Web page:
SIOUX FALLS, S.D. (KELO) — A person who lives near Wall can look up at the sky almost any night and see stars.
But what if you live in Chicago? Or Denver?
People have been “blown away” by the sight of the night sky in South Dakota, said Katlyn Svendsen, the Global Media & Public Relations Director for the South Dakota Department of Tourism.
South Dakota is home to one of eight dark sky places left in the continental U.S, said Diane Knutson, the president of DarkSky International and founder of the DarkSky South Dakota Chapter. While the state is one of eight, “the area is shrinking and not easily acceptable,” Knutson said.
The night sky is a natural resource to preserve and share, those who frequently look at the sky said.
SD Tourism sees the skies as an attraction and resource to share with many and to promote like it does with other top attractions in the state. The department has been working with Knutson and DarkSky, Svendsen said.
“There’s a lot that can attract people by being able to look up in the sky and see the natural wonders that people thousands of years ago on earth before there were big city lights got to enjoy,” said Tom Durkin, the Deputy Director of South Dakota Space Grant Consortium based at the South Dakota School of Mines and Technology.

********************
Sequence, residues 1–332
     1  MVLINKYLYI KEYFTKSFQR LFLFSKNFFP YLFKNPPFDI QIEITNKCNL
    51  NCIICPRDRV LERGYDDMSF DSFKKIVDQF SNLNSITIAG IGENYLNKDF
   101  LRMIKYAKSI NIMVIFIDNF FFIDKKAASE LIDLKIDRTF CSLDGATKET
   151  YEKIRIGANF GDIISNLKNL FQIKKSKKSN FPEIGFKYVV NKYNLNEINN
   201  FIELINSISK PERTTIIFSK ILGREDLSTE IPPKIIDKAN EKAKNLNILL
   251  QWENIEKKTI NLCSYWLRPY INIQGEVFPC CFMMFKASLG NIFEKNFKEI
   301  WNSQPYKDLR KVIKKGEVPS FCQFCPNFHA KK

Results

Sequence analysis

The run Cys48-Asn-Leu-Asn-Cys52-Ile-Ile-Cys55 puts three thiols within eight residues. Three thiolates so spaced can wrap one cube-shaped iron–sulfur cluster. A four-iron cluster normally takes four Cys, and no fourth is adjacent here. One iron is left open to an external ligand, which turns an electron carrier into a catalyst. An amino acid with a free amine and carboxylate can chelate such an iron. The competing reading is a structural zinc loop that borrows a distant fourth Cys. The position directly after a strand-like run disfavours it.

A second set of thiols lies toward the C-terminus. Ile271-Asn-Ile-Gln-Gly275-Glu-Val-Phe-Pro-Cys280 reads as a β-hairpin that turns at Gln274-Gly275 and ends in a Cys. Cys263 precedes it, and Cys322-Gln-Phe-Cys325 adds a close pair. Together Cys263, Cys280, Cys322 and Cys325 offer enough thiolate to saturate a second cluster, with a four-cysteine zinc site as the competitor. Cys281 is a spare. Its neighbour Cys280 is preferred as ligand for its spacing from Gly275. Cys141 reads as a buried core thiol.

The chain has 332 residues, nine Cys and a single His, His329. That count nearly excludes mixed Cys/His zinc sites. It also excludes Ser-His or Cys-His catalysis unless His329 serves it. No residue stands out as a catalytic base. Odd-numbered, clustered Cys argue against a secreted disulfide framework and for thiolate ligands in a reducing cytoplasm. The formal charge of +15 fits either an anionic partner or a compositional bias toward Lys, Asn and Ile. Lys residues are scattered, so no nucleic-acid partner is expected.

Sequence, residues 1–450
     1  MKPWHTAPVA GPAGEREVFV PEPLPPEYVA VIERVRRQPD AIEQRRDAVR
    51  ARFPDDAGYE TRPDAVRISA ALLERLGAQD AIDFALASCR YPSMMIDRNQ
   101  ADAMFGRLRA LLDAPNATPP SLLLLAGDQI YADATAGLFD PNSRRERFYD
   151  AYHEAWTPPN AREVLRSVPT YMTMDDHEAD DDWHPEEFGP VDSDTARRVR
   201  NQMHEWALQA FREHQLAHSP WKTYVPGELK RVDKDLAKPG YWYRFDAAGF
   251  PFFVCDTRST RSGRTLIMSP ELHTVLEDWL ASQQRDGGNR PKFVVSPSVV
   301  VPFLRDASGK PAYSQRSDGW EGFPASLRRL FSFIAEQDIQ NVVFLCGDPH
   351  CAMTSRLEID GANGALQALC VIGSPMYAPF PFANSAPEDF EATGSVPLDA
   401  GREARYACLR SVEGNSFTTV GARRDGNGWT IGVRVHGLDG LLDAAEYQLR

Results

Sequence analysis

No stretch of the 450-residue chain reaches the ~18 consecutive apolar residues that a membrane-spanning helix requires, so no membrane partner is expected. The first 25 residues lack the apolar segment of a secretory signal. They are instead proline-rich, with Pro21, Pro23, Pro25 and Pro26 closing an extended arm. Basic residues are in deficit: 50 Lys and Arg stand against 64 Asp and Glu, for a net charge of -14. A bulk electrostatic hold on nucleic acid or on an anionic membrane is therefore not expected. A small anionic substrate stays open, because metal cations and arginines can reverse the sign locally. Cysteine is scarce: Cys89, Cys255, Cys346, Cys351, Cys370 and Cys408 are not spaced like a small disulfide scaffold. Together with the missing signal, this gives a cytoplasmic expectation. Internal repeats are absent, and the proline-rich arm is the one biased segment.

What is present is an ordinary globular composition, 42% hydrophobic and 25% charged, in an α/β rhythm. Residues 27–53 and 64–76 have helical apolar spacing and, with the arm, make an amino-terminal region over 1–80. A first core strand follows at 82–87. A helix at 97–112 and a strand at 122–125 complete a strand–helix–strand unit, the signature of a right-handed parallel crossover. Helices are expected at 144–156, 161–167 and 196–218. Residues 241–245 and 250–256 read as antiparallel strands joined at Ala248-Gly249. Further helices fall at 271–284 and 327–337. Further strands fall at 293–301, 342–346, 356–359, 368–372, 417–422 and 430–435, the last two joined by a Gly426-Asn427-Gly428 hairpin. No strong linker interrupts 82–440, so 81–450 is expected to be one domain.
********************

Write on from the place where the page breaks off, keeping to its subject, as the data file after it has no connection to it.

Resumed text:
“It’s free. Families can enjoy it,” Svendsen said. It’s part of the element of slowing down and spending time together.
SD Tourism realized as it had been sharing night sky small events with visitors to the state that others would be attracted to the sky.
Some of the youngest visitors to South Dakota may not have really seen the sky if they live in Denver, Chicago, Minneapolis and even Des Moines, she said. Those are all cities in which the state does marketing and states from which many visitors to the state come from.
Promotion of this natural attraction is in its infancy. Although it has promoted the night sky and sky in social media and other arenas, Svendsen said the department does not yet have any hard data on how many visitors the night skies draw to the state but does plan to add to future web (online) analytics like it has for other visitor categories.